Clinical trials test drugs to target breast and lung cancers, potential shingles vaccine
Two breast cancer trials currently under way at the Helen F. Graham Cancer Center are already showing promise, says Christiana Care’s principal investigator, Michael Guarino, M.D.
”The hope is that by targeting to growth pathways, we get better results,” Guarino says. In one trial, trastuzumab, a drug known to be effective in treating certain types of cancers, is linked with another antibody called pertuzumab and the combination creates a dual blockade to delay spreading of the disease. Another trial links trastuzumab and a toxin, Maytansine, to form a compound that targets and poisons cancerous cells while sparing normal cells and reducing chemotherapy side effects.
Says Dr. Guarino: ”The concept is simple. If we can find a target in the cancer cell, we can hit that target and knock out the bad guys without hitting the good guys.”
His group is also using new drug compounds to attack non-small-cell lung cancer, which comprises some 85 percent of all lung cancer patients. Patients with widespread lung cancer who no longer respond to first-line therapy can benefit from a drug called erlotinib, which, combined with a chemical called ARQ–197, provides another way to target two different tumor cell-growth pathways.
Still another clinical trial, in partnership with the Hoosier Oncology Group, compares standard chemotherapy with or without ZD6474, a drug that inhibits cancer cell growth by preventing the growth of new blood vessels that would help the cancer to grow, as well as by targeting a growth receptor on cancer cells. Pancreatic, lymphoma and lung cancer phase I trials are also under way, according to Dr. Guarino.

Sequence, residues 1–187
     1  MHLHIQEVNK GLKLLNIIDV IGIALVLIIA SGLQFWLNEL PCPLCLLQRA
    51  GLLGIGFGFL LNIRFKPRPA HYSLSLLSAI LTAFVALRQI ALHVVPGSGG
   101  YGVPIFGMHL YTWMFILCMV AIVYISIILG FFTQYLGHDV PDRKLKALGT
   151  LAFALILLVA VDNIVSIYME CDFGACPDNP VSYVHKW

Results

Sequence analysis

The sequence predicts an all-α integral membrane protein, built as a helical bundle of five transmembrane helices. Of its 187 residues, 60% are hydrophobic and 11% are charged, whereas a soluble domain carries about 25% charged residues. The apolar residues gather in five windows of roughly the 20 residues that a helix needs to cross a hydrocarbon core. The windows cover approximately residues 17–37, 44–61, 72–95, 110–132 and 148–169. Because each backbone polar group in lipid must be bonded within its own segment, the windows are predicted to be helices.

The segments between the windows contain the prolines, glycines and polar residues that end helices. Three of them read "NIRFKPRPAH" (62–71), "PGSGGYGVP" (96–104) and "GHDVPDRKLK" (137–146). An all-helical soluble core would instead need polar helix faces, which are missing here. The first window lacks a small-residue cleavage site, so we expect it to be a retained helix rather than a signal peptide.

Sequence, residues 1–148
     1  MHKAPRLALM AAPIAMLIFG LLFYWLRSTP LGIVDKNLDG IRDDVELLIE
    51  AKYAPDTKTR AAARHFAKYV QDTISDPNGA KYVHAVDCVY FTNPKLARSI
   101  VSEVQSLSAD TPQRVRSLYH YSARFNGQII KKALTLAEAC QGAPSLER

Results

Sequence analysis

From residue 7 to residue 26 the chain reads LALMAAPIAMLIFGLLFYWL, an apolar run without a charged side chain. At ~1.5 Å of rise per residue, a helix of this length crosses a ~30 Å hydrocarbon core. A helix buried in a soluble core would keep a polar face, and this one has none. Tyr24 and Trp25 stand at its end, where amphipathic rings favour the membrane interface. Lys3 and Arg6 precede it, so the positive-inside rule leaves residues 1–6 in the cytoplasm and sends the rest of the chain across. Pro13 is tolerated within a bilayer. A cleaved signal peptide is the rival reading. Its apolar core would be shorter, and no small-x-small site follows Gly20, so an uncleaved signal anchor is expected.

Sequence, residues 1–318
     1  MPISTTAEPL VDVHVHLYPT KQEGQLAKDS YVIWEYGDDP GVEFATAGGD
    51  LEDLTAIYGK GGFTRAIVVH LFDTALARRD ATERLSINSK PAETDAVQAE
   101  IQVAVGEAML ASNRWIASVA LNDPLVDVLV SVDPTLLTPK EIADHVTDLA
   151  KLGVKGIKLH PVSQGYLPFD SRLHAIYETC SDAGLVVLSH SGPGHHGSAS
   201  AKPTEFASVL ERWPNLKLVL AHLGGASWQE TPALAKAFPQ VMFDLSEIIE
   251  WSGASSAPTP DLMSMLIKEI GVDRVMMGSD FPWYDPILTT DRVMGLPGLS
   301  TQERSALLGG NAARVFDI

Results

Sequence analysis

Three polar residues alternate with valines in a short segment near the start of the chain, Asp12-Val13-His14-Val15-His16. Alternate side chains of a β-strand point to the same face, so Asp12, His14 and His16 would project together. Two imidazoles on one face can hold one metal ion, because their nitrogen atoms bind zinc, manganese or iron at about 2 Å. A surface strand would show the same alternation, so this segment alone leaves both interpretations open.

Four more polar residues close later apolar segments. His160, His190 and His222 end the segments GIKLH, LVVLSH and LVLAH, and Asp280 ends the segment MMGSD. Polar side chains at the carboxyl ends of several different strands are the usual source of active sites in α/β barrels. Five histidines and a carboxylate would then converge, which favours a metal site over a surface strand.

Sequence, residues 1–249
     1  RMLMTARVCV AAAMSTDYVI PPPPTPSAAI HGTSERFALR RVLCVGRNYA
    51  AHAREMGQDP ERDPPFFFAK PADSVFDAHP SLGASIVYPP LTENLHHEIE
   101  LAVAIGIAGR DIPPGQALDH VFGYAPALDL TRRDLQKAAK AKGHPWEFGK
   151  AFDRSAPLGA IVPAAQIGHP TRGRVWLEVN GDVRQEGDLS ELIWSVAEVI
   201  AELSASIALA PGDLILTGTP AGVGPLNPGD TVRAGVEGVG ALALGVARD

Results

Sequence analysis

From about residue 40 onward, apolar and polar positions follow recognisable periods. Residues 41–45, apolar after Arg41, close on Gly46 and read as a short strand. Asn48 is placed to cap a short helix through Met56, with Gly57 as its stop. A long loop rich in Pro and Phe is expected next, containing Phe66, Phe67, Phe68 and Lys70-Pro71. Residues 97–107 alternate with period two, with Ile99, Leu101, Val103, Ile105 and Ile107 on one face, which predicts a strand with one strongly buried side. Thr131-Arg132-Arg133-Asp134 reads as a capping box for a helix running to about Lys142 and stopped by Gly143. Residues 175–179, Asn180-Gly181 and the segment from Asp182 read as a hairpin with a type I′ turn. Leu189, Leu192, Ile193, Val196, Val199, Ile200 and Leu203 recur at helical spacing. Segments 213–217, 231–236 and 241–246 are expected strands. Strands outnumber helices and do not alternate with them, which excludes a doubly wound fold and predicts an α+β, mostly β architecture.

Trials exploring vaccines for shingles, an extremely painful inflammation of the sensory nerves caused by the same virus as chicken pox, are in progress. Healthy people recover from shingles, sometimes with chronic pain. But in patients who are elderly and have suppressed immune systems, shingles can cover the body and become life-threatening. Chronic pain also can be much worse in these patients. The currently available live virus vaccine is not recommended for these patients for fear of giving them an active infection. Researchers are trying to determine if a vaccine using the killed shingles virus works as well.
“We believe the killed vaccine is safer, but is it effective?” Dr. Guarino asks. “Learning the answers to these important questions is revolutionizing the way we care for people with cancer.”